Thursday, 24 September 2009

Constructor vs setter injection

Choosing between constructor or setter injection is not straight forwards and in practice can lead to difficult choices. In cases where objects have a large number of required dependencies this issue really raises its head.

Spring.Net's documentatioon states:
"The Spring team generally advocates the usage of setter injection, since a large number of constructor arguments can get unwieldy, especially when some properties are optional. The presence of setter properties also makes objects of that class amenable to reconfigured or reinjection later. Managment through WMI is a compelling use case.

Some purists favor constructor-based injection. Supplying all object dependencies means that the object is always returned to client (calling) code in a totally initialized state. The disadvantage is that the object becomes less amenable to reconfiguration and re-injection...

...Since you can mix both, Constructor- and Setter-based DI, it is a good rule of thumb to use constructor arguments for mandatory dependencies and setters for optional dependencies."
Martin Fowler also has a few words of advice on this issue:
"The choice between setter and constructor injection is interesting as it mirrors a more general issue with object-oriented programming - should you fill fields in a constructor or with setters.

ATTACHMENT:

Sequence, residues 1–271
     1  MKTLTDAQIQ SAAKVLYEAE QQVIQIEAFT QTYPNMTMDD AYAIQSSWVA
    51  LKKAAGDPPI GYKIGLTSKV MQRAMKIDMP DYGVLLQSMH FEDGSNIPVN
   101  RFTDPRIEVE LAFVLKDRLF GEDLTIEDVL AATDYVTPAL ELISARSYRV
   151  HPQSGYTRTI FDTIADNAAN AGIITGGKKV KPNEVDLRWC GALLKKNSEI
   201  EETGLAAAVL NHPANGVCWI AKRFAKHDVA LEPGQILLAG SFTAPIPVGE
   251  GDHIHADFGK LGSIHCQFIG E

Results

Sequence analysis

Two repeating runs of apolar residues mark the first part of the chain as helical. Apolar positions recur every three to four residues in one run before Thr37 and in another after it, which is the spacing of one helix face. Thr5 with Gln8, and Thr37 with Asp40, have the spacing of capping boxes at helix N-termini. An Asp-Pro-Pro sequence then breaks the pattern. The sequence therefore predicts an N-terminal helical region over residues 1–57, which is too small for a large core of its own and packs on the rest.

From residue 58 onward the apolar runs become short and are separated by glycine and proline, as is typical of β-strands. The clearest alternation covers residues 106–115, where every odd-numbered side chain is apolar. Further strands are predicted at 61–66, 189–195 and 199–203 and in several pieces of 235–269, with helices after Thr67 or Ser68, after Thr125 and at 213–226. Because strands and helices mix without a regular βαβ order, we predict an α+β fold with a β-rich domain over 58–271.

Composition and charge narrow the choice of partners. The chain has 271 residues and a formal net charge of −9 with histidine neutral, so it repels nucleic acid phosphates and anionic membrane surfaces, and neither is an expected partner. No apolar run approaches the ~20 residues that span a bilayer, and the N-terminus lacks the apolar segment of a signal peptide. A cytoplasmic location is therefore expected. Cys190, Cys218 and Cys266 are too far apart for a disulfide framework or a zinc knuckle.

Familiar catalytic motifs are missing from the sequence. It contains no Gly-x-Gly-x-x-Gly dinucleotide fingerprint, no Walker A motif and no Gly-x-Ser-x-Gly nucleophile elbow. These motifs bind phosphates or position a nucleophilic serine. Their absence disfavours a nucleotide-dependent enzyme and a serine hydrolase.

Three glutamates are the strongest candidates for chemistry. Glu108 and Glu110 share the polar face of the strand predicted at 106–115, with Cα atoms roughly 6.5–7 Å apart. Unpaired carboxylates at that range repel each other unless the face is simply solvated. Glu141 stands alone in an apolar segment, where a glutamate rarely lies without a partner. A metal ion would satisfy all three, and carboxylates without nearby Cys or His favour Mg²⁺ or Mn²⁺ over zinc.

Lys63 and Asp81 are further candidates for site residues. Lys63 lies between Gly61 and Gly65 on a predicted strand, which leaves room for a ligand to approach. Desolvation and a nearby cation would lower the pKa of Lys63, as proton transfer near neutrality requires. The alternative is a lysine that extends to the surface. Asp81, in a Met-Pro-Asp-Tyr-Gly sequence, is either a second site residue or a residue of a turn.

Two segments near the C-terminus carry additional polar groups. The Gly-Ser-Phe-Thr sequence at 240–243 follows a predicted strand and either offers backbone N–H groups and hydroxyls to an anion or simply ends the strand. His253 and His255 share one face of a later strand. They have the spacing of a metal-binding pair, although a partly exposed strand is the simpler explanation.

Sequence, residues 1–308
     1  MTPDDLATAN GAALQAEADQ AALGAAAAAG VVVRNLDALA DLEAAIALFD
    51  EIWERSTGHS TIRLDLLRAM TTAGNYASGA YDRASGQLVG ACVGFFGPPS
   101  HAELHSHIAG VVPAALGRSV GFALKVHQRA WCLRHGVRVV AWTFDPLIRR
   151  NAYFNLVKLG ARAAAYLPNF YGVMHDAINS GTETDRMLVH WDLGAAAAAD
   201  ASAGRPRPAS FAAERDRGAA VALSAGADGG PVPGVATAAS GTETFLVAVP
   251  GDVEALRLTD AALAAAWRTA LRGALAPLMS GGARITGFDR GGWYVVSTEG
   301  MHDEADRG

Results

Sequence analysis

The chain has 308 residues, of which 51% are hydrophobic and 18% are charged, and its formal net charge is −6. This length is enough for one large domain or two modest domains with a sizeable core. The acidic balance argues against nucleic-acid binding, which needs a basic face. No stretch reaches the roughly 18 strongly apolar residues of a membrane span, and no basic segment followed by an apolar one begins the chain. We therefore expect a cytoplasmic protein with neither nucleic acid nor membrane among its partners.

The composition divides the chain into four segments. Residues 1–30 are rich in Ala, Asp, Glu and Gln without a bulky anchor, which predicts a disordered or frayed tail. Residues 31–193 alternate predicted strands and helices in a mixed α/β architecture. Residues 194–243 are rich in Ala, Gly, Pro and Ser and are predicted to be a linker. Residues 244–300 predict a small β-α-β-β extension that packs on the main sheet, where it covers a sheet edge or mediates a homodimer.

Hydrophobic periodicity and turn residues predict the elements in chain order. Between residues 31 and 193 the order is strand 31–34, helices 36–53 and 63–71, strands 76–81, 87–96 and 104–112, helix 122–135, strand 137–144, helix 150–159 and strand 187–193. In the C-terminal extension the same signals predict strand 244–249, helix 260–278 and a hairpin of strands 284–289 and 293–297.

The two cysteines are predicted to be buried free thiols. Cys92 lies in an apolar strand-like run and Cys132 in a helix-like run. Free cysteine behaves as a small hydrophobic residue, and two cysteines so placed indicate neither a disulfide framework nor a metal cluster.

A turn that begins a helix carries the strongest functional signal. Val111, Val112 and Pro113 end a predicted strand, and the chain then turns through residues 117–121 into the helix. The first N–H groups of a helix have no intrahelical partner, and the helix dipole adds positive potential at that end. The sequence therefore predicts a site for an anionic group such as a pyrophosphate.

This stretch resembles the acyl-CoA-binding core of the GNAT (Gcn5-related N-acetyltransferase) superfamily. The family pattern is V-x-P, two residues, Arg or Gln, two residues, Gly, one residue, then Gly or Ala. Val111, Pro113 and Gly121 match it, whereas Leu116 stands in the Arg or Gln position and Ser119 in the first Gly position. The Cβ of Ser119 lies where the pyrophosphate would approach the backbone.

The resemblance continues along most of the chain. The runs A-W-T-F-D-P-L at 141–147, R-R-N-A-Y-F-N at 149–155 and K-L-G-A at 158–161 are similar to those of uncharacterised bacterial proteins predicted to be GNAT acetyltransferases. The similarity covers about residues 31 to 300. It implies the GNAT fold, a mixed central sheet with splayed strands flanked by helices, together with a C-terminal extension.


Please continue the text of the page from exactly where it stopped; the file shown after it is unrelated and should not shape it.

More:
My long running default with objects is as much as possible, to create valid objects at construction time.... Constructors with parameters give you a clear statement of what it means to create a valid object in an obvious place. If there's more than one way to do it, create multiple constructors that show the different combinations...

...But with any situation there are exceptions. If you have a lot of constructor parameters things can look messy, particularly in languages without keyword parameters. It's true that a long constructor is often a sign of an over-busy object that should be split, but there are cases when that's what you need...

...If you have multiple constructors and inheritance, then things can get particularly awkward. In order to initialize everything you have to provide constructors to forward to each superclass constructor, while also adding you own arguments. This can lead to an even bigger explosion of constructors.

Despite the disadvantages my preference is to start with constructor injection, but be ready to switch to setter injection as soon as the problems I've outlined above start to become a problem." -
The Spring.Net documentation goes on to point out that with constructor injection it is possible to get into a situation where you have unresolvable circular dependencies. These situations are detected by Spring.Net which throws an ObjectCurrentlyInCreationException. Spring offer some helpfull advice:
"One possible solution to this issue is to edit the source code of some of your classes to be configured via setters instead of via constructors. Alternatively, avoid constructor injection and stick to setter injection only. In other words, although it is not recommended, you can configure circular dependencies with setter injection."
In short the choice between setter and constructor is not clear and you need to make your own choice based on circumstances. This ambiguity is arguably a weakness with Dependency Injection.